Female collaboration in the Kenyan dance industry

In a culture that thrives on drama among females, it’s no wonder little attention goes to collaborations done by women. Renee Karanja is the only person who has danced with me through several life stages: pregnancy (6-9 months) nursing and post nursing and that’s forged a lasting friendship. There’s even a choreography we did together three days before I gave birth to my last born child!

The dance scene in Kenya needs to be united, especially so among women. It’s easy to celebrate men and the mainly male dominated dance crews but when it comes to women, people tend to be more focused on ‘how much of a women they are’ or ‘what’s going on in their personal life’ which takes away from the skills of the female dancer. There needs to be a change in the narrative, and women to reach out to one another and create great works of art.

Renee and I are choreographers and performers, and just like me, Renee’s craft is not limited to dance. As a body builder, she’s gotten a lot of heat for photos she posted on her social media channels showing off her muscles. I don’t care to repeat what was said, but people can be pretty hateful.

A lot has been said about me as well, but I hope that people will deflate their egos long enough to find ways to make meaningful collaborations and place Kenya on the global dance stage now that Sakata Mashariki ended last year.

Here’s a video of our latest project.

If you’re interested in collaborating, contact Jo1 via Instagram.

 

 

 

 

 

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Let’s talk breastfeeding…

So yep that's a nursing bra. I've shared a couple times about my nursing journey and the joys and struggles that came along with it. For me the hardest part of nursing is recognizing that during those times my body is not my own. The ebb and flow of energy is all a part of it as well as how the body responds to breastfeeding which is humbling for me. Thankfully the hair didn't fall out this time👍. As of 2 weeks ago that season has ended. Now my body can fully finish the healing process from giving birth. Boss Baby is now 20 months and is doing great. He still points to "the girls" and says, "More, more" every now and then and grunts with a scowl when I say, "Mommy doesn't have anymore." On to the next stages of motherhood. I'm looking forward to them with a thankful heart. #nursing #yoga #dance #healing #postpartumjourney #postpartumfitness #dancemoms #dancermom #yogamom #3kidslater #BossBaby

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The full picture

We always see photos of women breastfeeding on Instagram or Facebook. The woman is always looking down at her baby smiling or with an intense knowing gaze towards her infant. The woman’s body often looks toned or somewhat presentable even if the woman does not represent the typical “acceptable” body. When we observe family members or people, we know breastfeeding- it always looks easy like that’s what we are ‘supposed’ to do.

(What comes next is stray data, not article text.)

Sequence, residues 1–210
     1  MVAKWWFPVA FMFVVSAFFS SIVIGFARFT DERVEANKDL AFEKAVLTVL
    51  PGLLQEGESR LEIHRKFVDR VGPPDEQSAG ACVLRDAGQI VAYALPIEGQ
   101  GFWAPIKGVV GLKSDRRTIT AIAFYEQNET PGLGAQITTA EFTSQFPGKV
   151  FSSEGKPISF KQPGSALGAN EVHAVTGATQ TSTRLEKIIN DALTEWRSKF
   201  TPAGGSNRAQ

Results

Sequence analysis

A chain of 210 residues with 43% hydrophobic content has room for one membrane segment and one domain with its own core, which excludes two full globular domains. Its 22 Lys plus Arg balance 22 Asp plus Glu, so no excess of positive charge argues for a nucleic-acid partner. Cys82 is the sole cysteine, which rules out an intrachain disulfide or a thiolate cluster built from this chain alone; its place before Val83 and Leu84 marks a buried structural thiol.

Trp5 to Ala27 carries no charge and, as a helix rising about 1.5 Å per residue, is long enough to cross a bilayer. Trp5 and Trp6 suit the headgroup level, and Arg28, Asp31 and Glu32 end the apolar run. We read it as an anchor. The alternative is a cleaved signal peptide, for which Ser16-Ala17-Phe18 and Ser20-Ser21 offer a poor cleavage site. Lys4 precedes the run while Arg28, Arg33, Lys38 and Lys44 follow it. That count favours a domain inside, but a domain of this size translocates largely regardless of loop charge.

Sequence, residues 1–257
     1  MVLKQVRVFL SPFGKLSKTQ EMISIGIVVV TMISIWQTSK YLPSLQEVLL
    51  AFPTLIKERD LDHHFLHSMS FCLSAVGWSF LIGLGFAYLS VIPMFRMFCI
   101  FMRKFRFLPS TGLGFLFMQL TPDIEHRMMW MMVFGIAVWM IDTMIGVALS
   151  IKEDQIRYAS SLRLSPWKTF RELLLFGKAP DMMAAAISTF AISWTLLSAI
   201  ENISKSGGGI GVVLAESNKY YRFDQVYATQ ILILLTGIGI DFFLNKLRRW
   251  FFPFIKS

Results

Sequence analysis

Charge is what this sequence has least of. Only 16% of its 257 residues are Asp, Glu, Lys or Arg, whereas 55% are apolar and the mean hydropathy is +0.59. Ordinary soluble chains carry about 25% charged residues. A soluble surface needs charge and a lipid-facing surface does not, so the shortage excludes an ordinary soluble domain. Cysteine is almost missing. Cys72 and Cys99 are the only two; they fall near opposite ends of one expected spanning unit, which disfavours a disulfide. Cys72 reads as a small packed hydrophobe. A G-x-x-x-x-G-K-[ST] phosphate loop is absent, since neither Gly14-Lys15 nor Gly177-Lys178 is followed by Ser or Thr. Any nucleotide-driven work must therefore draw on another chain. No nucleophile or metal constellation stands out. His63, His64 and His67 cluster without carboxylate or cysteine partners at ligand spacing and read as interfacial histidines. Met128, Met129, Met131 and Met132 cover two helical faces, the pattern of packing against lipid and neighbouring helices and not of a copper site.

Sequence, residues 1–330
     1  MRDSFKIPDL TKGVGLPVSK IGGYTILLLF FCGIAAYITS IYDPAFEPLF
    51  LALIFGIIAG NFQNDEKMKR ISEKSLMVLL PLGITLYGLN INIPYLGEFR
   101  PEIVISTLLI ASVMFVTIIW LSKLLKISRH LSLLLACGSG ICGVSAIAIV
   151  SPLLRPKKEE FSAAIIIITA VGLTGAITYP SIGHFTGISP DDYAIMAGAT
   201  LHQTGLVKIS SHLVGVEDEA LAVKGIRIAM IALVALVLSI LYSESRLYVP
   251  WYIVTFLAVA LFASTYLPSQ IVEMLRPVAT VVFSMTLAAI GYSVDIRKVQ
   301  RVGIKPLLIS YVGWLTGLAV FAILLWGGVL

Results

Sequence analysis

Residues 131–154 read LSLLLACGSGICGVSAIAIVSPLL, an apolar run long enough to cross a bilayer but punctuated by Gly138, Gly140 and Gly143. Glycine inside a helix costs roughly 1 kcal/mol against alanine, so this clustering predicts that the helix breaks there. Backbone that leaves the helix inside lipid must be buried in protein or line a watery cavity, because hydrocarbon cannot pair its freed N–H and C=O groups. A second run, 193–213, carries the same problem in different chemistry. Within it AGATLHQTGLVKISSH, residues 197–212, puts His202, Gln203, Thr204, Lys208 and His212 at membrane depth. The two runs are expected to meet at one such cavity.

I don’t think social media would show a bloody nipple or a video when a mother has run out of milk and the baby is screaming beyond consolation. I don’t think that social media would show the utter exhaustion that a mother feels after nursing compared to before nursing. Yes, it’s natural to breastfeed if a mother chooses to do so, but the demand on the body is rarely discussed nor how to give a nursing mother more emotional and supplemental support during those times.

On being a career mum

As a dancer and fitness person one of the main challenges has been to learn to be patient with myself as I am healing and getting back into shape. Also slowing down and knowing that my first priority is to my children. This may mean taking on more clients and opportunities in order to provide for them or taking on less in order to physically and emotionally be there for them. It’s a tough balancing act that sometimes I hit and other times I miss.

Hard times during nursing and their remedies 

Nursing for me is more difficult than being pregnant. The baby pulls on my strength and energy in a way that goes beyond being pregnant.

I’ve found that diet plays a huge role in my energy and health especially when nursing.

Eating foods packed with calories that are nutritious and full of antioxidants rather than foods with empty calories. Basically any food that’s white is an empty calorie food. Also increasing the amount of moringa and baobab power that I consumed in a day and adding things like spirulina, turmeric, matcha and macca to my diet.  Taking herbs to help nourish the adrenal glands such as rhodiola during the day since the adrenal glands really get worked during and after giving birth. Eating a lot of meals and healthy snacks during the day. Not working out too much. This one is a kicker because we want to get back to our shape but over exercising will cause the milk supply to drop.

Craziest advice ever received

“Let the baby cry. It’s good for the lungs.” Babies can only communicate their needs through crying since they can’t talk. Letting a baby cry just for the sake of crying is ignoring a need that it has.

Lessons I picked up while nursing my three boys

Even if you want to nurse, the main thing is to give your children a healthy mother. Do things that cause you to be healthy in mind, body and spirit. Whether you need to see a therapist, eat your favourite chocolate (dark chocolate preferably) or stop nursing for medical reasons. Do it without guilt or judgment because the main thing is to be a mother and the best one that you can be in that moment. Period.

Have a Happy Boxing Day everyone! #Love

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My advise to a soon-to-be mum

Eat a lot and don’t apologize for it. Drink lots of water. Keep taking your prenatal vitamin while you are nursing plus fish oils or flax oils as well as the other items I’ve mentioned above.  Practice yoga and get out into the fresh air. If you can, spend an hour away from the baby everyday doing something that nourishes you whether sleeping, reading, walking or whatever.